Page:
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El Sol is On a Mission To Improve the Lives of Day Laborers and Their Families

By Rebecca Gaunt

El Sol was founded in 2006 to aid day laborers in Jupiter, Florida. Hundreds of laborers, mostly from Guatemala and Mexico, were gathering daily on Center Street in search of work to the concern of local residents who were concerned about safety, traffic and home values. The unorganized market also left the laborers vulnerable to being victims of theft and unsafe work environments. A group of residents, consisting of immigrants, town and university officials, and church groups banded together to form the non-profit neighborhood resource center.

"The town of Jupiter's construction boom in the late 1990s and early 2000s brought an influx of day laborers from all over Palm Beach County and Indiantown, Florida," says Communications Coordinator David Urieta. "Other areas like Lake Worth, West Palm Beach, and Loxahatchee Groves are considering opening centers like that of El Sol. El Sol promotes a harmonious integrated community in which all people can achieve their highest potential."

The labor center is the primary focus of El Sol. Day laborers are registered and available to be picked up during established hours and the center matches workers with the appropriate skills to the tasks. Pay is established in advance. Common tasks include yard work, painting, cleaning, moving and carpentry. There are 9,000 laborers registered, and most days, there are at least 100 workers available. In 2014, El Sol fulfilled 14,463 job requests.

"Although day laborers are successful in finding work through our labor center, it does not eliminate other challenges like finding stable, full-time employment versus day work," says Urieta. "On average, day laborers make an average of $8,000-$10,000 dollars a year. How can someone meet their most basic physiological needs with such an income?"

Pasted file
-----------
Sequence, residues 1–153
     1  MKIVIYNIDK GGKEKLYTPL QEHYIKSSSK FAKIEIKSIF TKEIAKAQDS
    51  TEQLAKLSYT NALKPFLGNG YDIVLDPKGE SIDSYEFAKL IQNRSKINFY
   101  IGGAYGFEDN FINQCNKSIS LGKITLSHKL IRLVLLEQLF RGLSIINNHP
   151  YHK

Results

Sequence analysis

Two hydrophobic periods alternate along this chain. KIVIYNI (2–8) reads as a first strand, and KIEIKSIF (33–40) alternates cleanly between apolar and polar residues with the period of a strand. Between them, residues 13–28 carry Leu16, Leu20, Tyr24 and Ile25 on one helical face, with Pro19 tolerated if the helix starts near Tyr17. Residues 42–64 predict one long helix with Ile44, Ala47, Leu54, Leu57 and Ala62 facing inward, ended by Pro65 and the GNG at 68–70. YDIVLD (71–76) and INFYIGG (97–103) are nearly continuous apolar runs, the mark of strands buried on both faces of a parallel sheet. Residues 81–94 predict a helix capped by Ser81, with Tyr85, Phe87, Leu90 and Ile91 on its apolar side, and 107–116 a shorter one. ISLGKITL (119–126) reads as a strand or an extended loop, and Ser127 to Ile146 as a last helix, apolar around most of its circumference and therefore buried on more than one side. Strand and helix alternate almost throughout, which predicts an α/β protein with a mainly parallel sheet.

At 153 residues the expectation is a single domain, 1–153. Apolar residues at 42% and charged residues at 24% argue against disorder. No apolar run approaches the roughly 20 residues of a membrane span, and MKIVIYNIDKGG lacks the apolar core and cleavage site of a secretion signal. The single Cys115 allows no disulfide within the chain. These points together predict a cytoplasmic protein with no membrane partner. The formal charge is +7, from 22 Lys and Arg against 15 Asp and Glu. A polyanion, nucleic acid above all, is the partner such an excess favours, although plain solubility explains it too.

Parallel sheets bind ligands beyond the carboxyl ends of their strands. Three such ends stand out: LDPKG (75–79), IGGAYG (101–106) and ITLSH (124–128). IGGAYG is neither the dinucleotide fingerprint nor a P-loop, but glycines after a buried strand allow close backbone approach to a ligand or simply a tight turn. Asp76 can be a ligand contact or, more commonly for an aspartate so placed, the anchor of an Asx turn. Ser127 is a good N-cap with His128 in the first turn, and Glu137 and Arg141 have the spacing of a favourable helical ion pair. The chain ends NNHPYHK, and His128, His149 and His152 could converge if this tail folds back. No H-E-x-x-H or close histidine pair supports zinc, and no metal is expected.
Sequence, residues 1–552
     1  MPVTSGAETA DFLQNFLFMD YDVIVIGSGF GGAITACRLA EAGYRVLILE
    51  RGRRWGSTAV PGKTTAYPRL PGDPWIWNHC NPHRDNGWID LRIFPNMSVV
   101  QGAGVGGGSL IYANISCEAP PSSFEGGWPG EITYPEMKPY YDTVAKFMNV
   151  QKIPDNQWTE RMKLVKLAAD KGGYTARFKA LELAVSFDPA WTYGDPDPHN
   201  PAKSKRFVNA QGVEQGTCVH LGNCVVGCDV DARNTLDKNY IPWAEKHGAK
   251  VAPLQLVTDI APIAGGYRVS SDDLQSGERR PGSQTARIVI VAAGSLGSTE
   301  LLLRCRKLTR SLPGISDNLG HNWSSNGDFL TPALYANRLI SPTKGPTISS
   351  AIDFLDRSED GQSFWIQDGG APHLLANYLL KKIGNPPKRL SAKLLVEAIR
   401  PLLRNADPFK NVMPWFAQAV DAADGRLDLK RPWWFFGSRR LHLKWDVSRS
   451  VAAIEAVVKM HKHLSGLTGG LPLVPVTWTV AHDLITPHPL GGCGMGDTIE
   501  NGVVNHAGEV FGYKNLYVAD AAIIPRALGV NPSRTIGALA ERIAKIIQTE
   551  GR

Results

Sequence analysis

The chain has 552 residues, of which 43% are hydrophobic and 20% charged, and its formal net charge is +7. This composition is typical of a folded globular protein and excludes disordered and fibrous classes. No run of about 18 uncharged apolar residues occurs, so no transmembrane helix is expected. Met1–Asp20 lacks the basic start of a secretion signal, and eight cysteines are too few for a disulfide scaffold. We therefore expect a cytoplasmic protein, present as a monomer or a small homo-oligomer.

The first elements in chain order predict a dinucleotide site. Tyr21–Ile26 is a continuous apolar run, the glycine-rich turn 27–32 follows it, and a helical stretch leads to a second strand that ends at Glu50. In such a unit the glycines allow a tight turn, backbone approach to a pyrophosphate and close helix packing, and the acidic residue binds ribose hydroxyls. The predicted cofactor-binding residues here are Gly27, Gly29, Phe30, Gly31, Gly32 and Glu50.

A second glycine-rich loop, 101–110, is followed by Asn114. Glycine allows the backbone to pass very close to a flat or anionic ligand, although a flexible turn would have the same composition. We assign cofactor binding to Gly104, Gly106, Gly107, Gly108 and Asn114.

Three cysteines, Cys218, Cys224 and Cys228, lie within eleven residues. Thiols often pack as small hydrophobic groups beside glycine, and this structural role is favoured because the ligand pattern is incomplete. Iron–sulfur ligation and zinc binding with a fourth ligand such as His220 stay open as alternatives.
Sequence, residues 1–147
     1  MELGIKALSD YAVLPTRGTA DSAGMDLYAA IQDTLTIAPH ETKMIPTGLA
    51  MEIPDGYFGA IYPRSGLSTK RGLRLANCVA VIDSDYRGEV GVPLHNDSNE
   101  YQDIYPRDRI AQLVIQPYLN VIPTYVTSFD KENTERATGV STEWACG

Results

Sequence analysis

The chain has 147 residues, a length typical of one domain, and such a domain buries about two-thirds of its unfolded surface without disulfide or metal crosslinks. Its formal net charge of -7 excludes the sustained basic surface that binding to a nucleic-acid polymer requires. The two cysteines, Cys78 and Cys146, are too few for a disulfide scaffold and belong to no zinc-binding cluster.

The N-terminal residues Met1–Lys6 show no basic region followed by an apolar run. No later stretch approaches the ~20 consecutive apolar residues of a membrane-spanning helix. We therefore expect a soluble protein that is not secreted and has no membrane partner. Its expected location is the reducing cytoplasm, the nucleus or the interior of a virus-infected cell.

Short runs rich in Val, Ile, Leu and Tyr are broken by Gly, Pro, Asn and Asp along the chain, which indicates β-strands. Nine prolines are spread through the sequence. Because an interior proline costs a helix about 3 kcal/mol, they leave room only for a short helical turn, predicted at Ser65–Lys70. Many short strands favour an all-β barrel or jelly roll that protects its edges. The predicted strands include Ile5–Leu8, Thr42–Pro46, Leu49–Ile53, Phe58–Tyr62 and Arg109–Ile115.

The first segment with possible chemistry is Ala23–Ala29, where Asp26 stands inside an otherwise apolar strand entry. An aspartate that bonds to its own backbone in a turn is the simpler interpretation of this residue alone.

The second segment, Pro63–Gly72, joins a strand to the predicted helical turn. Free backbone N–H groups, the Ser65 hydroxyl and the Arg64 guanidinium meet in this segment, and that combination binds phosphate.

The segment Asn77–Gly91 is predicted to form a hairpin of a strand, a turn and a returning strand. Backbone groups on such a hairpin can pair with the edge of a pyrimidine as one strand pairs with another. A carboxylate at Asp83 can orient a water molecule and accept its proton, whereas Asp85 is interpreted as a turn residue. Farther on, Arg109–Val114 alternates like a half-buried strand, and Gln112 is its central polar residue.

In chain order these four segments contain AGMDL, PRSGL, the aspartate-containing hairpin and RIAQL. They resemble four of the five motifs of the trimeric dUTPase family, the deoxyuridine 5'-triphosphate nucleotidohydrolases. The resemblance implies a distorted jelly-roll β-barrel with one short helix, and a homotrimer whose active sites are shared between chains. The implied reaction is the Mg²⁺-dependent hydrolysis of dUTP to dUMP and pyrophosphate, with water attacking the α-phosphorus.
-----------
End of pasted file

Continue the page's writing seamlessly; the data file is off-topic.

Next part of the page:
For that reason, El Sol provides a small breakfast and a lunch to the workers who are not hired for the day with help from local business, churches and restaurants. They also partner with C.R.O.S. Ministries in the operation of a food pantry.

El Sol offers a number of classes to the community. ESL classes develop conversational English skills, while literacy classes in the native language help prepare them to learn English. Vocational classes focus on skills such as landscaping and painting. Computer classes are available, and the sewing center also teaches marketable skills.

The organization participates in a number of events throughout the year. In November, the workers get the opportunity to display their artistic talents at ArtFest. The Fiesta Maya celebration features Latin food, music and clothing. Workers also compete in the Jupiter Police Department soccer tournament in order to build positive relationships and trust between the two groups.

The Sunshine Organic Community Garden was established in 2014 to combat diet-related illness and lack of food in the community, and while El Sol does not provide health services directly, they do provide referrals and assistance.

"We seek to be the model for other communities dealing with day-laborers," says Urieta.

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About The Author

Rebecca Gaunt earned a degree in journalism from the University of Georgia and a...

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